What do you want to be when you grow up?

Photo by Casey Horner on Unsplash.com

Let me preempt this by saying that I’m 40 years old and still don’t know what I want to be when I grow up. What does it mean, anyways? Here’s what I think about this question:

  1. There is no one answer.
  2. There is no right answer.
  3. Your answer can change over time.
  4. What age does “grown up” even indicate?

I know there are quite a few of you who know you like Japanese but aren’t sure what you want to do in your life in general. You may still be in school, or you may be graduated for a decade or more and still not know what you like. You may have a general idea of what strikes your fancy, but you definitely haven’t considered that you could actually work at a job doing things that you like.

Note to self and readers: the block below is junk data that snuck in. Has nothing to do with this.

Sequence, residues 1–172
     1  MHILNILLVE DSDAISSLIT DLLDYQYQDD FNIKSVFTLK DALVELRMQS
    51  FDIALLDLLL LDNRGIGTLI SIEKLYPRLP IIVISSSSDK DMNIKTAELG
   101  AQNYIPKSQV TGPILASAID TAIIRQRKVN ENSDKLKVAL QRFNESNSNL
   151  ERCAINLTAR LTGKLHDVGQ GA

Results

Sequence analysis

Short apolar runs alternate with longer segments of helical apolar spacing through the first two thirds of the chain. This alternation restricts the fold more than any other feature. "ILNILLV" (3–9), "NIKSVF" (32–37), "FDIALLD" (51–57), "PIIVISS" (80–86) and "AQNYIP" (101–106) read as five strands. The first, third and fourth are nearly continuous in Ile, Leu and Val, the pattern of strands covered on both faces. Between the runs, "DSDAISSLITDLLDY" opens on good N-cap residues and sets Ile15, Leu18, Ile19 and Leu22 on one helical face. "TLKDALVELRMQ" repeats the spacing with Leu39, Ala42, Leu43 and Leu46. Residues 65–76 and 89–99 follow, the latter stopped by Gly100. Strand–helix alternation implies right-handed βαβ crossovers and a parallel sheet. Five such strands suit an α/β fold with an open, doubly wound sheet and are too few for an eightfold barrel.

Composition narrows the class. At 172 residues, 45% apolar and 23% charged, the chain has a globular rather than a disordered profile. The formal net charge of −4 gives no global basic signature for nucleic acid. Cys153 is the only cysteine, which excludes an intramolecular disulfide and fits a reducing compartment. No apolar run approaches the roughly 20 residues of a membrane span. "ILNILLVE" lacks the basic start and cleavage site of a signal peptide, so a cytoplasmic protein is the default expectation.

The bad news is that no one can make this decision for you.

The scary news is that you have to make progress in one direction, one step at a time, to even get to any sort of conclusion. Even worse (can it get any worse?!), you will make mistakes, and you will fall – but it’s those falls that help you grow and become a stronger and better person. Besides, 

  • How can you know if you like skiing if you’ve never tried? 
  • How can you decide if you want to use Japanese language/culture when you’ve never researched it, talked about it, or tried it?